By early this morning it had dawned on me that the NVR was simply using my network as a WAN and had set up it’s on LAN (172.25.123.xxx). Obvious really. I plugged in a second camera to the mains (WiFi so no data connection needed) and it, too, automatically started to work with the NVR (and hence the APP). I took the original camera through to the far end of our building (L-shape – wide 200-year old stone with my office added on one end) – no miracles there, the original camera would not work. I brought it back one room – working. So about the same range as other WiFi I have around the place. NOW I had to figure out how to get that far camera to run through my main WiFi??

Walram 512GB SSD from Banggood

Speed test

Meanwhile I have an old 2.5″ HDD spare along with an SSD I have to check out for Banggood – a nice Walram 512GB 2.5″ Sata SSD. I have already set that up on my PC via USB3 and it’s working fine – random read/write is working as well as my Crucial BX500 (480GB) – but as I can’t really speed test that absolutely right now due to the slow speed of my PC (no SATA3, just SATA2) I thought I may as well give the Walram SSD a go in this NVR. Here we go.

The NVR started up and spotted that the drive had changed – offered to format it – this takes seconds – done, no effort from me. And back to where we were – I’m making recordings automatically – this is pretty easy up to now. Please ignore the SSD sequential read-write readings on the right (top 2 sets of readings) as I took those tests on an old PC only capable of SATA2, actual sequential speeds will be much faster).

Next question – could I get the far camera now perched in the living room with weak but usable signal, to come in via my main subnet? Or would it need to be hardwired to do that? NOPE – but then, I was COMPLETELY on the wrong track. I left the original camera just within range, fitted a third camera in the far kitchen location which originally failed – and what do you know!! A MESH. Bear in mind that this is not a quiet radio environment here, I have 433Mhz radio mesh, Xigbee and several WiFi access points – the latter needed as this building is very old and solid.

Finally, I picked a bedroom at random and plugged the 4th camera into the mains (via its power supply) and lo, it works TOO. The whole house is covered. This was just too easy despite the Chinglish notes (which weren’t really needed). Ok, the camera siting could be (and will be) better. Why are m images dull? For three reasons – my monitor is past it’s sell-by date, the weather here in the Northeast is utterly DIRE and I’d left the default SD mode in place rather than HD..

I’m “reasonably” happy with this setup.. if Banggood get me a replacement antenna I’ll be even happier – a black antenna on a white camera looks odd – but then the power supplies and leads are black too – white power supply could have been nicer, but I’m being picky. They do a BLACK version of the kit if you are into colour-matching.

So now I have 4 cameras running perfectly. Let’s take a look at how this all works on my monitor and the APP. The photo above is blue-tinted for reasons nothing to do with the camera system. It doesn’t have that tint in real life..

The APP view is much better – The APP (which regularly reminds users to change password without forcing the issue, a nice touch) can view 1, 4 or 9 cameras at once and a simple swipe takes you to single camera view – with options for SD (asyou see above) or HD view. Not only that but I deliberately turned off my phone WiFi so the incoming live stream was coming via mobile data. I Like it. I’m probably breaking all sorts of rules here as I can see right across rthe road – but it’ll all be pulled apart soon as I perched the cameras temporarily (obviously). The view below is through a window – I could watch for the postman from my office 🙂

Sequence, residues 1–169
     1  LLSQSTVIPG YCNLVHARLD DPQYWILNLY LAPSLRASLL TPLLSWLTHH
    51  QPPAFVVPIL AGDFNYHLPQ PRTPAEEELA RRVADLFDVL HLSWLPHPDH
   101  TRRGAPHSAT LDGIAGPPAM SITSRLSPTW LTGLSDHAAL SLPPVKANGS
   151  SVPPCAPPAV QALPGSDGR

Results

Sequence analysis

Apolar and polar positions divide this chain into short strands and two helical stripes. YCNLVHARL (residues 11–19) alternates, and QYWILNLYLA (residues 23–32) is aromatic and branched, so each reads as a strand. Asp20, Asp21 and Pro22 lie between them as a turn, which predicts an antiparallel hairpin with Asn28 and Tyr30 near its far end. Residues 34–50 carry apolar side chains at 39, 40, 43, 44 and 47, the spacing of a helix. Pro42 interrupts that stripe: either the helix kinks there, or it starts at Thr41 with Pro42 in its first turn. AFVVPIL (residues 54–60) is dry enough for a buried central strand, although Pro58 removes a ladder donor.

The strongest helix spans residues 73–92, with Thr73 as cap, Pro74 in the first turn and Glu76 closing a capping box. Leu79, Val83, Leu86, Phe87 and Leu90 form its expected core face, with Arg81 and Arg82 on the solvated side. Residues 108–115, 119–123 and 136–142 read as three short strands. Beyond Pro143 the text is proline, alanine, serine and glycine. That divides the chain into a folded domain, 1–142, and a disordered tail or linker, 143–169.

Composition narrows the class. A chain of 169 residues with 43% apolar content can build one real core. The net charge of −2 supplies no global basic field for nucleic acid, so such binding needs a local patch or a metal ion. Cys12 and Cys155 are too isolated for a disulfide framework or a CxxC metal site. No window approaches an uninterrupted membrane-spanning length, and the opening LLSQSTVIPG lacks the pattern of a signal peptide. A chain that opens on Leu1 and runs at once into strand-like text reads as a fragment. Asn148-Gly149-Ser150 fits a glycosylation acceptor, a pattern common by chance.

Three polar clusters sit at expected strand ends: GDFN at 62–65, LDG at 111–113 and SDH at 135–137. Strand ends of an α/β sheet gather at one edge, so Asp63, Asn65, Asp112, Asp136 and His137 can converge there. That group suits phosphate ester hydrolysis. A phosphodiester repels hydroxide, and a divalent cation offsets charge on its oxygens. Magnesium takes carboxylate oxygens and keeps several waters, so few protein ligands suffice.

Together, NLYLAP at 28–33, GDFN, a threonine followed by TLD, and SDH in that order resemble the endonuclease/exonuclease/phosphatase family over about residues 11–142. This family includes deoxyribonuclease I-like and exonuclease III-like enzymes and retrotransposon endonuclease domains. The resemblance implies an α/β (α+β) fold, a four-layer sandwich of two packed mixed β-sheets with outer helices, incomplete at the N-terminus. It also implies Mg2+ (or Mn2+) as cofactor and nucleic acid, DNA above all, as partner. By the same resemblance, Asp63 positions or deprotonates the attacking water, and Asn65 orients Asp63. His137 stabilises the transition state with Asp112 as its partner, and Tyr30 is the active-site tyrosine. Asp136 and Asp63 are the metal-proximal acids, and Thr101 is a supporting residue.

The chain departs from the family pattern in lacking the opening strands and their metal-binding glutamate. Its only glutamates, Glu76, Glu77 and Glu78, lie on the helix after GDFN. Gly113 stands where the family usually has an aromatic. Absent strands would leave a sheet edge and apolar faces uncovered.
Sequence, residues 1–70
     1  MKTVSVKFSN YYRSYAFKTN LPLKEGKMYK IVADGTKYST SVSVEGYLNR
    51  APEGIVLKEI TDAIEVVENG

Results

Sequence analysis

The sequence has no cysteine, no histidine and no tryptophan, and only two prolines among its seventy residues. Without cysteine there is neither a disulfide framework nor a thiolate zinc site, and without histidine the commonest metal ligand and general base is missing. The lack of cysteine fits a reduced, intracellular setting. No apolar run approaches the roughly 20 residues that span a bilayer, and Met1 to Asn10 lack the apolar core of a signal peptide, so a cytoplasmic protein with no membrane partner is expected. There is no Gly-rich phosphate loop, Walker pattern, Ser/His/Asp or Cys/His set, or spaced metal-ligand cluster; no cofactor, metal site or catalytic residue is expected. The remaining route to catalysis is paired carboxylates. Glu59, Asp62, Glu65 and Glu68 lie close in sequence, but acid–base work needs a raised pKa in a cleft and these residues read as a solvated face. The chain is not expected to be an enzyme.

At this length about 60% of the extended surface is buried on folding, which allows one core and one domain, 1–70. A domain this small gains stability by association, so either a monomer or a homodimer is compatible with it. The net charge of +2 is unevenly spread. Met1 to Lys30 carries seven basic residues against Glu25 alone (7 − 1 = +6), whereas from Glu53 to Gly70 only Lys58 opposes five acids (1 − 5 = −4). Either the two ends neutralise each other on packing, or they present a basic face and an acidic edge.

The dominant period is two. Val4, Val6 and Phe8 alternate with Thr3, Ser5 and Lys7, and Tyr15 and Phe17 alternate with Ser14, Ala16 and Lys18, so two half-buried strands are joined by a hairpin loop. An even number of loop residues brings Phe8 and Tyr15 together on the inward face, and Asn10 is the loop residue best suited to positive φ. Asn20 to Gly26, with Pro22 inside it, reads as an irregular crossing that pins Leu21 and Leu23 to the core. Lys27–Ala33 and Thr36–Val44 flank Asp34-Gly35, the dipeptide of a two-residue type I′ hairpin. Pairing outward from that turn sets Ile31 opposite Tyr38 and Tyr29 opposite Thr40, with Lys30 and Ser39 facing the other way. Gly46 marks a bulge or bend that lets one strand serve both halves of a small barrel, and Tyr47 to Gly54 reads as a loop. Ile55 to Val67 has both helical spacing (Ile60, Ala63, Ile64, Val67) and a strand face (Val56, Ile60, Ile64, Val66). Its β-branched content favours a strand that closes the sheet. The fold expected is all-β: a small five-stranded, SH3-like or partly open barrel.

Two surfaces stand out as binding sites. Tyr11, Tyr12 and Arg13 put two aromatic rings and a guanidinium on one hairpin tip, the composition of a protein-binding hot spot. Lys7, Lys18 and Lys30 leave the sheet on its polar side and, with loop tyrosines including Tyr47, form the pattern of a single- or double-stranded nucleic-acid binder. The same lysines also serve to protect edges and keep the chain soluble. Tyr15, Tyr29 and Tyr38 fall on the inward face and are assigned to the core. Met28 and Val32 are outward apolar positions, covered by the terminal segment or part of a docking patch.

At last, as decent a picture as I can get without any sunlight….. and more representative of what comes out of this system. And as I write this – my cameras are happily displaying and recording everything.

I must say at this point, armed with what seems to be the latest firmware etc, I am not entirely happy with the APP side of this… the APP let me happily rename 2 of the cameras, the other two however timed out on every attempt to rename them – and if you don’t like the time in the top right corner – sorry but this cannot be adjusted. Little details like this and the attrocious translations in the data sheet detract from what is otherwise a nice product. I later discovered that with the mouse on the actual NVR itself, you CAN easily rename all cameras so I’m guessing a simple APP upgrade would sort the issue I had… and how often do we rename cmeras anyway 🙂

Little annoyances: As the NVR powers up I notice a short message at the top “Disnable” which rapidly disappears. When the APP is updating cameras (a few seconds whenever you turn on the APP) you see “Is buffering, please later” – whould it REALLY take that much effort to get an English-speaking user to fix this stuff? How about early BETA users – I’m sure there must be lots of folk who would delight in fixing mistakes (I regularly tell Banggood if their own site has mistakes – gives my another purpose in life:-) )

While I’m on a roll: The documentation, what little there is with this product is LITTERED with stuff like this… “Dust on PCB may cause short circuit. It is suggested to clean the dust on the PCB timely to make the product work properly” – and WHY would the average user dismantle the box to get into the PCB – not to mention cleaning the dust rather than cleaning the PCB 🙂

Of the 4-sided “manual” one side says the NVR cannot be connected to your main network wirelessly while the next side describes wireless configuration of the NVR. For backup “insert U disk” – what’s a U disk? (I know – USB stick but that might not be clear to all). As for TIPS… “TAPS: when you backup failed, please check if your U disk is FAT32 format. NVR only support FAT32 formate U disk”. My point is – a couple of hours checking would have eliminated pretty much all of these and worse errors and made a decent enough starter guide. I’ll go looking for a link to the full manual online. Oh, no I won’t – there’s no link. For a tech product who’s APP relies on the user having an internet connection, would it not have made more sense to simply put a short slip of paper in the box pointing to an easily updated website manual?

I note in the spec a reference to FTP – that might be better than the somewhat overpriced cloud offering ($495 annual charge) No thanks, I’ll settle for storing videos on the NVR – which presumably would normally be stored somewhere secure. Sadly I could find no further reference to FTP after the spec.

So, is this worth it? With the discount probably yes, as I get more used to it, the system is growing on me.

Anyway, the link and info for the Guudgo Camera System is below:

GUUDGO 4CH 2.0MP 1080P Wireless Surveillance White Camera System Kits outdoor/Indoor Weatherproof P2P CCTV Monitoring Kit

Normal Price: $187.99
Coupon Price:$134.99 (around £99.61 with code)
Code: BGd99db9
Warehouse: CN
EXP: 28/02/2022

and for the Walram SSD:

Walram 2.5inch SATA3 SSD Hard Drive 64G/128G/256G/512G Solid State Drive Hard Disk for laptop and desktop

Normal Price: $21.99-$71.99
Coupon Discount: 25% off
Code: BGa42236
Warehouse: CN
EXP: 28/02/2022

I can obviously only vouch for the 512GB version of the SSD – which looks to be around £39.83 with the code.